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Interview: Mena Trott & Andrew Anker of Six Apart

By Chris Karr in Miscellaneous on Jul 31, 2006 9:05PM

Last week after a recent technology mixer, Chicagoist had the opportunity to sit down with Mena Trott and Andrew Anker of Six Apart. Six Apart is the company that writes the software that powers your humble Chicagoist blog in addition to sites like TypePad and LiveJournal. Mena and Andrew were in the city pitching their newest project, a free personal blogging service called Vox.

The morning after the mixer, we visited them to chat about their visit to the Windy City.

Chicagoist: So, what are you guys doing in Chicago?

Mena Trott: We’re here in Chicago because we’re doing a preview release tour of Vox, which is our new blogging tool. We picked Chicago because we wanted to make sure that we had a representation in cities other than San Francisco. So, we’ve been going to different cities on the East Coast – we went to Washington DC the other day, New York last month. Chicago was on the map because it’s a city that has a great blogging community, and we knew a lot of people that we wanted to talk to. Another reason is that Ben and I came to Chicago probably almost three and a half years ago to do an MT (Movable Type, ed.) talk, and the Chicago bloggers came out, and they were really great, and we went out afterwards. It was a really great experience. So we definitely wanted to hit this city.

(More after the jump.)

C: What is Vox?

M: Vox is the service that we created for really personal blogging. So many people have become intimidated by blogs from what they see – blogging is about traffic, blogging is about being controversial, or it’s about being a media outlet. There are personal blogs, but I think that there are some new features that are needed. One of those things happen to be privacy. Vox gets privacy right because people are able to post for certain audiences. For instance, I can post for my friends and family, or my family only. Another post can be public. That’s a big thing.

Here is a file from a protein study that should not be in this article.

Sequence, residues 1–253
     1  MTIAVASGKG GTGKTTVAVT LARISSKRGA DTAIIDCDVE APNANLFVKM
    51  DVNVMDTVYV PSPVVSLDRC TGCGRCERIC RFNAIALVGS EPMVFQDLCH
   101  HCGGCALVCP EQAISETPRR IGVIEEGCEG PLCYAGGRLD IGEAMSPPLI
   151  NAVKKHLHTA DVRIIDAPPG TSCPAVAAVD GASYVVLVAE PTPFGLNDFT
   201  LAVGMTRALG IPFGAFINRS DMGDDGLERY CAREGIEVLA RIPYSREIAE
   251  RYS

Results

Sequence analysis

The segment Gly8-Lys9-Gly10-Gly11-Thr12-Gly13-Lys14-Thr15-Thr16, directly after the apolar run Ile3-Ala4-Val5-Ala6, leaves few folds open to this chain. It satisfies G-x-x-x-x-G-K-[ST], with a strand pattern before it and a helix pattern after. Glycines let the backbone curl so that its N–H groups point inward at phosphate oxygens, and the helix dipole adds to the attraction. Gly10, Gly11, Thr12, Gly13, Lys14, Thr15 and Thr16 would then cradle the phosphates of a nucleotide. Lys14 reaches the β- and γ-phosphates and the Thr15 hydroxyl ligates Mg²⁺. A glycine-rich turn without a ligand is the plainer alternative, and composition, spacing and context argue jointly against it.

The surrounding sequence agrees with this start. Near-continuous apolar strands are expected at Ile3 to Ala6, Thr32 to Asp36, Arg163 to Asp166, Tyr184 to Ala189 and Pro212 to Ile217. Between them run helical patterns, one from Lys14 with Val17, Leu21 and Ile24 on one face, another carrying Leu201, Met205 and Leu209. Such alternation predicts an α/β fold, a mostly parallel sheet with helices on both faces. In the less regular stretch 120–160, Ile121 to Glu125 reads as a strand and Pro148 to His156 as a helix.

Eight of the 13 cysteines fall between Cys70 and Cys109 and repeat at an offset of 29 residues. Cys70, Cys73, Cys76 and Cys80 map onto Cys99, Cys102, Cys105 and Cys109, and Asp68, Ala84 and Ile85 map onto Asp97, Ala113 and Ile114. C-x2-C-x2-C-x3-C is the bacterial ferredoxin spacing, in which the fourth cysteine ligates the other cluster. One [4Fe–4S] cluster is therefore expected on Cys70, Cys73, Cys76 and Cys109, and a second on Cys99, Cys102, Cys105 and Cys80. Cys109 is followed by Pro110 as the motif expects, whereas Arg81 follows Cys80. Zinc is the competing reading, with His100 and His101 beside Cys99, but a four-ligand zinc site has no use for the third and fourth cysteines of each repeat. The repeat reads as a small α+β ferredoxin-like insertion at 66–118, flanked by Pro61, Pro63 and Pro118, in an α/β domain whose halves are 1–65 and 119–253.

Another thing that we wanted to do well was to have a really easy interface and media-rich integration with different services.

C: How much do you see Vox as a blogging tool versus another MySpace-style social network?

M: Vox first and foremost is a blogging tool. Six Apart is a blogging company. We wanted to make sure that you had the best blogging experience possible. And so, we don’t pretend to try and be a social network. A social network is the backbone of our service. But unlike a lot of other services, it’s not all about connections and finding friends. It’s about building a relationship with them afterwards. Or sharing your life with them afterwards. And so we focus on “Ok, you have your friends. Now, what’s next?”

C: So, how can users “share their lives” using Vox?

Andrew Anker: We thought that it was important with Vox to focus on blogging as it is today. If you look at blogs, they’ve really developed as a text tool. But if you look at how users are using them today, it’s about rich media. It’s video, it’s audio, and certainly photos are deeply integrated. It’s also posting via mobile means – cellphones and all the different devices that we have around us. What we try to do with Vox is to pull all these tools in and not assign a preference to them. If you want to sit down and type text into a page – great. That’s easy. If you have a whole family album of photos that you want to share, only share certain ones with certain people – even better. If you have old videos that you’ve now digitized, kids' birthday parties or whatever – you can bring that all in. Vox has the privacy that Mena talked about which applies to every asset. You can do things like decide on an asset-by-asset basis. There might be a weekend that you want to talk about. You don’t care who reads what happened on the weekend, but there’s a lot of photos of the kid’s party or video of you at the beach that you only want a certain set of people to see. In the same post, you can say, “This is for everybody, and this video is only for my friends.”

C: At the demo party, you said that you wanted to bring blogging back to a “happy place”. Where did that idea come from?